How can Wandsworth Planning Officers continue to work with developers and ignore the research concerning high rise developments?
Policy Exchange think tank has launched its report on 24th January – Create Streets.
This report states:
“There is wealth of evidence that multi-storey living leads to higher crime rates, weaker communities, and poorer health and education outcomes for residents. Recent changes to the planning system give a chance to change this that local government and neighbourhoods should seize to take control of redevelopment in their area. …
Studies have shown that residents of high-rise blocks or large estates suffer from more stress, mental health difficulties, neurosis and marriage breakdowns. Children living in high rise accommodation suffer from increased hyperactivity, hostility and juvenile delinquency even when you adjust for social economic status. Despite the fact social tenants make up only 21% of families with children, they make up 79% of those families living on the fifth floor of a building or above. In London, nearly one third (31%) of all families with children living in social housing reside on the second floor or above. Nearly all those who can choose housing in the private sector reject multi-storey living and choose houses or low rise flats…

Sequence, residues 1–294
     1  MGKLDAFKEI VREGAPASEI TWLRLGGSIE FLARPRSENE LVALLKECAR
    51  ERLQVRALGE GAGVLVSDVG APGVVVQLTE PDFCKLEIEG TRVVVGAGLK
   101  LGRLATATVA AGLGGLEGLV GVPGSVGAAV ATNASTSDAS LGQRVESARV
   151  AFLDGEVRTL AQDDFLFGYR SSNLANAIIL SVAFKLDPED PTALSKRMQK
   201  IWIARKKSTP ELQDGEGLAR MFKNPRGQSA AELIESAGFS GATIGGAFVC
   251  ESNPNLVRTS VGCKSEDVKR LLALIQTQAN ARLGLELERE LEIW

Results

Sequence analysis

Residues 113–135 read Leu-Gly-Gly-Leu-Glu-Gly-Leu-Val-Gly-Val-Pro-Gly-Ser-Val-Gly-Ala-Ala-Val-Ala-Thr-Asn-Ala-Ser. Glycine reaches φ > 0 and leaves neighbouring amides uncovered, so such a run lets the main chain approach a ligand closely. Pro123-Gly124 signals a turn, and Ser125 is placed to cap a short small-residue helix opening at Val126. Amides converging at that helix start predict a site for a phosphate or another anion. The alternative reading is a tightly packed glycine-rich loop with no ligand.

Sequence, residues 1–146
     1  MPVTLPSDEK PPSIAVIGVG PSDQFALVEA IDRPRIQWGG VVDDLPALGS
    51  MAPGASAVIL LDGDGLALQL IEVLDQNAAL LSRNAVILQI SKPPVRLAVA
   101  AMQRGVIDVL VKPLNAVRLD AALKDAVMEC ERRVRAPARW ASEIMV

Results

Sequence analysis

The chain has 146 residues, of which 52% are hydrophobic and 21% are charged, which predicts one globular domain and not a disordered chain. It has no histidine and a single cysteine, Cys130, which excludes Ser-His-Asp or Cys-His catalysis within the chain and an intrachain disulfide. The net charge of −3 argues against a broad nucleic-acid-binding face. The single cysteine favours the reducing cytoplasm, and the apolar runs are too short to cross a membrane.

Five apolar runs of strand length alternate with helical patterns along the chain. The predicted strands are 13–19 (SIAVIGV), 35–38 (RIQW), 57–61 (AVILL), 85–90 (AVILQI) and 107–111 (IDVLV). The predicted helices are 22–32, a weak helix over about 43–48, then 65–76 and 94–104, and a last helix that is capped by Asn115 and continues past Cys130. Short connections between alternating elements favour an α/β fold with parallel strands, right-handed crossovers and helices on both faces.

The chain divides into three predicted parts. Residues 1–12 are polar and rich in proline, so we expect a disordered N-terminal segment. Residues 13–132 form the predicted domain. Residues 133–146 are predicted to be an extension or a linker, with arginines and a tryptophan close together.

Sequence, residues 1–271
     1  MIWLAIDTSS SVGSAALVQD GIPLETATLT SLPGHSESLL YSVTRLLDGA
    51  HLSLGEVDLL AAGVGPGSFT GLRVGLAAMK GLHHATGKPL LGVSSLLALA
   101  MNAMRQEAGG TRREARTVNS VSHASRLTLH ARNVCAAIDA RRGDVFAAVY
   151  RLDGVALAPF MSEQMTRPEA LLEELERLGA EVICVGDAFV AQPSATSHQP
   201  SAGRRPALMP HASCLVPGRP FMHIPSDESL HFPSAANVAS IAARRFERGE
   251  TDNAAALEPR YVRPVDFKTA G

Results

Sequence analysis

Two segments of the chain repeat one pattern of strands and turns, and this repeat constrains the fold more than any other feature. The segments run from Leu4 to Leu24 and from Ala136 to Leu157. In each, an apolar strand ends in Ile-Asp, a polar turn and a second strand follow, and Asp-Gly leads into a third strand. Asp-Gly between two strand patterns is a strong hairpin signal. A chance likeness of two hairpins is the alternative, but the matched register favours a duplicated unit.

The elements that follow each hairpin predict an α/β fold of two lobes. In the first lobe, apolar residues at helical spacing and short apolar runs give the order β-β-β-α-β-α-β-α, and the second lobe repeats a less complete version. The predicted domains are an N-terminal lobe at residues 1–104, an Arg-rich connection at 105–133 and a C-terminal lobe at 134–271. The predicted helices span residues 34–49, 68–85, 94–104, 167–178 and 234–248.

- 52,000 households with children who are social renters live on the third floor or above (40,000 of which are in London)
- 20,000 households with children who are social renters live on the fifth floor or above (16,000 of which are in London)
- At least eighty nine per cent of Britons want to live in a house on a street. Zero per cent (i.e. not one person) in one poll said they wanted to live in a tower block flat.
- Multi-storey housing costs more to build per square metre than other high density options. A ten-storey building is 10 per cent more expensive to build per square metre than a five-storey building. A fifty-storey building is 60 per cent more expensive.
The disastrous multi-storey estates of the past were economically unviable but only possible due to government subsidies.”
Why did Planning Officers support Peabody’s flawed planning application which included high rise building when over 300 objections were raised by residents in the area and reduced the number of social housing?
Why were the Planning Officers ignorant of the Policy Exchange’s imminent report that reject the development of high rise flats instead of terraced houses?
Why did the Planning Committee not listen to the Northcote Ward Councillors who had raised the inappropriateness of this development?
Surely Wandsworth Council must withdraw their permission for the Peabody development in the light of this report and draw up plans to ensure that Clapham Junction is not suitable for any high rise developments.
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Phase 2 of the Peabody ‘St John’s Hill’ has come with a further addition planning application 2015/6393 including a 7 storey opposite Eckstein Road. Comments on this planning application can be made until Friday 8th January 2016 and as yet no one has made any. Who knows what will be included in Phase 3 – perhaps a few more storey on the 12 storey building?